Giles Bowkett manages to come up with interesting perspectives on a regular basis. This article talks about about GitHub and Skyrim and how the way they encourage team dynamics may lay the foundation for a new way of organizing companies and teams. Perhaps the most insightful idea is that the very definition of an office or workspace is not only changing, but gradually becoming irrelevant as work becomes increasingly distributed.

From the Bookshelf

Surely You’re Joking Mr. Feynman

I first read this book years ago in school and it was probably the first book to show me that you can fill a life with equal parts work and fun. This book probably played an important, though subconscious part in my decision to stay in academia for the time being. Even if you’re not a scientist or and academic, this book is worth reading and learning from. Life is supposed to be fun.

Sunday Selection 2012-10-21

Good afternoon everyone. It’s fall in my part of the world, the leaves are changing color, the weather is getting colder and the days are getting shorter. Things are moving and shaking in the tech world (as usual) and today’s Selection takes a look at Microsoft, Linux, Firefox and the intersection of technology and life.

Around the Web

The Story of the New Microsoft.com

Microsoft has a new website. No matter what you might think of the company and its products, I think you’d be hard pressed to say that the website wasn’t a job well done. It’s clean, effective and very modern.

UX Principles Behind Firefox for Windows 8

I’ve always had a soft spot for Firefox. Even though I mostly use Chrome nowadays, I keep coming back to Firefox. It was the first non-IE browser I used and I think the Mozilla team has done a lot to make the web a better place. It’s good see Firefox evolving and developing to stay in tune with the rest of modern technology.

Linus Torvalds Answers Your Questions

Linus isn’t the most public of technology superstars, but he doesn’t pull any punches either. In this recent Slashdot interview he talks about kernel development, what he might have done differently, patents and more.

Video

Creative Mornings with Jonathan Harris

CreativeMornings is a monthly breakfast lecture series for creative types. Each event is free of charge, and includes a 20 minute talk. This one is by Jonathan Harris creator of We Feel Fine and Cowbird (among others). It talks about his journey exploring technology, life and storytelling. If you’re looking for examples of a remarkable life well lived, this one’s a keeper.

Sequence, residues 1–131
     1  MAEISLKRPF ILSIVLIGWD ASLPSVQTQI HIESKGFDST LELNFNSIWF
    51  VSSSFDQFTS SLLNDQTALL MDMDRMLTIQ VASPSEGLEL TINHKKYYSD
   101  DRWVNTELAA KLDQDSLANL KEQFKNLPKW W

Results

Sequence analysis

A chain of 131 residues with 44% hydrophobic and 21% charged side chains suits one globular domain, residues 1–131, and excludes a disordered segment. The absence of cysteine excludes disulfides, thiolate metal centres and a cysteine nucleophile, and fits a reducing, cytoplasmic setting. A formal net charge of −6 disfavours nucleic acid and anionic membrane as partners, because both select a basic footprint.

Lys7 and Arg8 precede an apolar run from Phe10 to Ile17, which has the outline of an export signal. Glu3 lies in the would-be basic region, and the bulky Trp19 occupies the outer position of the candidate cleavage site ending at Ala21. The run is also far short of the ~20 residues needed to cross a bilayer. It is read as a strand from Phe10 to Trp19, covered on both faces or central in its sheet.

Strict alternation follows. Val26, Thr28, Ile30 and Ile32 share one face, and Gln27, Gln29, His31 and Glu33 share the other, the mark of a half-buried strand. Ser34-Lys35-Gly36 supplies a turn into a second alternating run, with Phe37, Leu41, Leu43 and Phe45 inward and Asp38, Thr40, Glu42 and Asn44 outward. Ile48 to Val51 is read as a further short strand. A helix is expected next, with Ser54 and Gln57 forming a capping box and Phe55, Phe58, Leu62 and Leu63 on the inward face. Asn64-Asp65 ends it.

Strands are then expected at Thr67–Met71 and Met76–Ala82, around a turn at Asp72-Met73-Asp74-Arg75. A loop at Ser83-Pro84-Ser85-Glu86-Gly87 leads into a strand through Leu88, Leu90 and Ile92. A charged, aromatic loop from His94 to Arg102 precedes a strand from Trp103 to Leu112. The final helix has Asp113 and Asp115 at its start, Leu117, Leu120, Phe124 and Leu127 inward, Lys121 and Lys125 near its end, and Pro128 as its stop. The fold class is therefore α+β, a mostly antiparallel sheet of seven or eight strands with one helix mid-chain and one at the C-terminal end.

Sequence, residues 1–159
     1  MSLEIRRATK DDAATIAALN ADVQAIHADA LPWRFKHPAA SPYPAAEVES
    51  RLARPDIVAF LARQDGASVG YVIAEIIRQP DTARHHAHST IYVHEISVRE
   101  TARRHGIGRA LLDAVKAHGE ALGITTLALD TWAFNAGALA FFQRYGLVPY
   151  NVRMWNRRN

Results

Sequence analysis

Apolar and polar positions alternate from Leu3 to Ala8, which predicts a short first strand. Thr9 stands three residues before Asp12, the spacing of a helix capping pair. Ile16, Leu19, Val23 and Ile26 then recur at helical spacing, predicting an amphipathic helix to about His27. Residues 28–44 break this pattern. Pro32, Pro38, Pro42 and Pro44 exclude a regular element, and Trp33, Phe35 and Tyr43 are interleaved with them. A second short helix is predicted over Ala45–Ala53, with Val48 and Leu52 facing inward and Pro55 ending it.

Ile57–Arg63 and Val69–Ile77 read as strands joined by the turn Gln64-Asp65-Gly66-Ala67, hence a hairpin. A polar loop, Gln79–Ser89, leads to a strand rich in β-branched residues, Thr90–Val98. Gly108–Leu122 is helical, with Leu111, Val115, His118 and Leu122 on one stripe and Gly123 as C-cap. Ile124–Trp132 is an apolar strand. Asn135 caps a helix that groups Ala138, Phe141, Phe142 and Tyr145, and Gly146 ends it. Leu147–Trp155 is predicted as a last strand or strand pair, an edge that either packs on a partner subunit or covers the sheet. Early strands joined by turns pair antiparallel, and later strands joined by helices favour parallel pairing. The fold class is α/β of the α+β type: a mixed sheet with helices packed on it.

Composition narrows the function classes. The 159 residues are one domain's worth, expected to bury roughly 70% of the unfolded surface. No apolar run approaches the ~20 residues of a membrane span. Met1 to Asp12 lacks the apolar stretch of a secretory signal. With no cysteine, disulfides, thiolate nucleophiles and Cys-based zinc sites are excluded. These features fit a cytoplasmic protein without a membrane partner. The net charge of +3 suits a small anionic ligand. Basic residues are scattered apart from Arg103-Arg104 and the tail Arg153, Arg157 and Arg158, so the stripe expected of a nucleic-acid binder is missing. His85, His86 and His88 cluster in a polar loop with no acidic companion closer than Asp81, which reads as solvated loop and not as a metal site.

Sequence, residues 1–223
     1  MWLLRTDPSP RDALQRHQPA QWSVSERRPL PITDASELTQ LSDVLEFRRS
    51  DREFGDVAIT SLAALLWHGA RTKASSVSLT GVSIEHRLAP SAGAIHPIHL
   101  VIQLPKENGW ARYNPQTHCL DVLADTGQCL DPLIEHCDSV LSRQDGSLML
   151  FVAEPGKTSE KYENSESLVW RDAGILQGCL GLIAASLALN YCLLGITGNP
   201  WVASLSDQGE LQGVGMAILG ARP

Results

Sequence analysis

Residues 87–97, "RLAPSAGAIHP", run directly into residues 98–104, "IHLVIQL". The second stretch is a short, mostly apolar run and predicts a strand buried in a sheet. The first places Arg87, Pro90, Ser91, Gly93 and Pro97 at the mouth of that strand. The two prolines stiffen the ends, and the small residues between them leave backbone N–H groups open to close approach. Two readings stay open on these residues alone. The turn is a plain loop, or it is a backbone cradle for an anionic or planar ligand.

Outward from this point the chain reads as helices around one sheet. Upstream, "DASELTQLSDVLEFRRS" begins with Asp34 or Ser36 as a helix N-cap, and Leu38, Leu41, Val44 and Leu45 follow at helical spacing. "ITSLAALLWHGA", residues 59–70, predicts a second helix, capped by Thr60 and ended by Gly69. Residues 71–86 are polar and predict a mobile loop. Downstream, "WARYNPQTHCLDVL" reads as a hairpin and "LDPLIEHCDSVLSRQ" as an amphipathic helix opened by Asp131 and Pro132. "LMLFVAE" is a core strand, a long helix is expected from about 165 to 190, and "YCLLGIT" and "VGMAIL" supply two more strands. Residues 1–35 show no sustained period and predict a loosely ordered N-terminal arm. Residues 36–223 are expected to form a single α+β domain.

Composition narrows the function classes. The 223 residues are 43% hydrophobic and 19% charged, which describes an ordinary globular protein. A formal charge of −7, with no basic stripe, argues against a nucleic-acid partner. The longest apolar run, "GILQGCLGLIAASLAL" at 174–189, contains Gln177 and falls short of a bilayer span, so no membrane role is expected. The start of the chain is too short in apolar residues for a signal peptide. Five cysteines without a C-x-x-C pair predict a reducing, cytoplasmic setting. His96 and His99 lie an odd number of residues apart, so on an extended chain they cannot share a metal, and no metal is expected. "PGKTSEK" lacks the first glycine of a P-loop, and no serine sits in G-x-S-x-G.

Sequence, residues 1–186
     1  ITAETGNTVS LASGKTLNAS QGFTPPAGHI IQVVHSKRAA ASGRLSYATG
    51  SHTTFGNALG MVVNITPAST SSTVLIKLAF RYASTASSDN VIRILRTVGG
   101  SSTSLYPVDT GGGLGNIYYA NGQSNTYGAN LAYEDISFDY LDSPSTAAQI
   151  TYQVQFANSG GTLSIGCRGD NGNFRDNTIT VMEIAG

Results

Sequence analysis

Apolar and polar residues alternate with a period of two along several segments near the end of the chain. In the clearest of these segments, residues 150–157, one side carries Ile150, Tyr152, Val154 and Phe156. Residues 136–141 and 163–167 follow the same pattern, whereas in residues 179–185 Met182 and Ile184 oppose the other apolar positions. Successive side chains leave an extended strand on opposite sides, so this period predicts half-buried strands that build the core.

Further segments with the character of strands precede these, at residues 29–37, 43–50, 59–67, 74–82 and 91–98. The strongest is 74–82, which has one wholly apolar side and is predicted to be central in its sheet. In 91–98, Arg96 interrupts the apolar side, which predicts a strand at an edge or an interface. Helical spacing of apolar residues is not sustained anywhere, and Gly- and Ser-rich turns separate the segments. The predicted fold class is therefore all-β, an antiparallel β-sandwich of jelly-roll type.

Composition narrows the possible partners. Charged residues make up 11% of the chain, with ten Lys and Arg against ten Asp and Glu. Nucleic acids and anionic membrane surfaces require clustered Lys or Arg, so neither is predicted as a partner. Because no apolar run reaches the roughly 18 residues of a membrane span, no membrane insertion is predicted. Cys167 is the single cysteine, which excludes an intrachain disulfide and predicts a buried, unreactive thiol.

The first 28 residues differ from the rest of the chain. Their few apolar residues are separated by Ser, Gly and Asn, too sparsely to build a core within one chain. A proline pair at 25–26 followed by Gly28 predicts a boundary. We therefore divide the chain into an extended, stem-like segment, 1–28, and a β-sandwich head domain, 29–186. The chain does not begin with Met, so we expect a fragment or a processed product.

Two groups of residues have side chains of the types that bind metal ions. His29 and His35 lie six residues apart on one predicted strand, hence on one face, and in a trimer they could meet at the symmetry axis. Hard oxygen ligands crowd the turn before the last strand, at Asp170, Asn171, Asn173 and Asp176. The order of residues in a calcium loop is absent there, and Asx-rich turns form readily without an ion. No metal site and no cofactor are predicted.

Rules for Computing Happiness Revisited

About a year and half ago I wrote down some Rules for Computing Happiness. I based the list off of a similar list by Alex Payne. But in the year and half since then a lot has changed in my life. I graduated from college and finished a year as a graduate student at Cornell University’s computer science running experiments. I’ve also finally joined the world of smartphone users. I spend the greater part of the day writing programs and scripts and spend an increasing amount of time on remote machines. In the light of all those changes I think it’s a good idea for me to revisit the rules I laid down and see how much they’ve changed (or stayed the same). Here goes:

1. Use as few physical machines as possible

This one’s a keeper. I now use only two physical machines: my personal Macbook Air and my powerful Linux desktop at work. I use a combination of Git, Dropbox and Chrome tied to my Google account to keep things in sync between them. In reality the work I do on each doesn’t much overlap so there isn’t a pressing need to keep them in sync.

2. Keep work and play separate

Another keeper. I don’t have any social media apps on my work machine, I generally keep IM closed and I’m busy and in the flow enough that I don’t feel the need to randomly open up Reddit or Hacker News. I should be honest and say that this isn’t a purely (or even mostly) technical thing – in fact it probably has more to do with my shifting perspectives on what’s important. I have my phone near me if anyone really needs to get in touch with me. Since I’m a grad student I have a lot on my plate that is important but little that is urgent so my phone rarely gets used.

3. Get a Linux machine for programming. Use multiple monitors and a tiling window manager

I’m a bit less sure of this one and I’m partly afraid that I’m just plain biased. I do most of my programming on my Linux machine, but I do a decent amount on my Macbook Air too (especially experimental web stuff). I mostly use the UNIX in each so I’ve become fairly agnostic to what skin I’m running on top. I’ve never programmed on Windows so I don’t have anything to add on that matter.

However, I do use two monitors on a regular basis and going back to one can be annoying. I tried using Unity for a while and while it’s not bad, I keep going back to XMonad. It’s clean separation of physical monitors and virtual desktops makes using multiple monitors very flexible and efficient and I always find myself missing it when I’m on a different environment. By contrast, the way OS X does it is complete rubbish, especially if one of your windows is in fullscreen mode.